“The Great Gatsby” is one of those books that teachers start mentioning at the beginning of high school, one of those that you know you should probably read at some point in your life. So when I discovered that this novel was only a mere 135 pages, I decided it was time to read a classic that wasn’t a monstrous, intimidating epic.
F. Scott Fitzgerald’s masterpiece is set in New York during the Roaring Twenties, when Long Island was beginning to divide into “East Egg,” the home of the aristocratic millionaires, and “West Egg,” the home of the newly-rich desperate to show off their success.
The narrator, Nick Carraway, is a Midwestern who settles into a cheap home on West Egg, although he has connections to the true upper class after attending Yale. From the beginning, Nick attempts to convince readers that he is honest and nonjudgmental, so we hope that is the truth as he begins to paint a picture of this lavish world from his own perspective. We are first introduced to Daisy, Nick’s cousin who lives on East Egg. Daisy is unhappily married to Tom, who cheats on her publicly. It’s obvious that Daisy was once a kind-hearted person, but after years of trying to fit into a shallow, manipulative world, she has become hardened.
In the third chapter, we are finally introduced to the elusive protagonist, Jay Gatsby, a mysterious man who hosts the city’s best parties but knows none of his guests. He immediately attaches himself to Nick, eventually informing him that he is in love with Daisy, whom he met years ago before the war. Their long lost love is supposed to be the backbone of the story, but for me, it took a backseat to the disgust unveiled in the materialistic lifestyles all these characters live. The majority of the book takes place at various social gatherings where everyone tries to outdo one another in an attempt to make more connections and earn more fame. Sure, there’s love involved here and there, but drama, lies and facades overshadow it. The book is about personas and power, and we can only guess about the heart of these characters.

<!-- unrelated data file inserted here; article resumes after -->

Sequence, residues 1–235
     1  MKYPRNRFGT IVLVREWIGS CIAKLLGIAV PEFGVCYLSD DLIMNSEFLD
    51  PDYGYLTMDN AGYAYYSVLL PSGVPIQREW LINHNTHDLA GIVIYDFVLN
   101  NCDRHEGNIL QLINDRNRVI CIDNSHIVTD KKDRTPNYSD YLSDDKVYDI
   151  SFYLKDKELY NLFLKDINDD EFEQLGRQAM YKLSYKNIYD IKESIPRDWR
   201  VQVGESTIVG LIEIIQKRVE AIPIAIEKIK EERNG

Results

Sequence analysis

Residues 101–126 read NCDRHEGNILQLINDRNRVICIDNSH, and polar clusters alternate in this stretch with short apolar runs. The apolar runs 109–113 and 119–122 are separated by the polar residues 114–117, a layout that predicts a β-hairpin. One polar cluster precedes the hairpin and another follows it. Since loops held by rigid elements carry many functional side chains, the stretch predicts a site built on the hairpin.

This may seem like I’m implying the book has no soul, but that’s not it. The book is really about a society beginning to lose its soul. Moral corruption and greed are the downfall of everyone here, but our once honest, ethical narrator cannot help but get caught up in the alluring illusions of the rich and famous. In a world where most of us currently spend our days watching reality shows, reading gossip magazines, shopping for the most fashionable clothes and focusing on how we can make more cash, it’s an important novel to read.
“The Great Gatsby” is basically the “Gossip Girl” of the 20th century. Its purpose is to remind us that, while the American dream is to become a success story, it’s a dangerous road to the top. Ultimately, an extravagant lifestyle cannot be a substitute for true happiness. Happiness comes from real human connections, not money nor notoriety.
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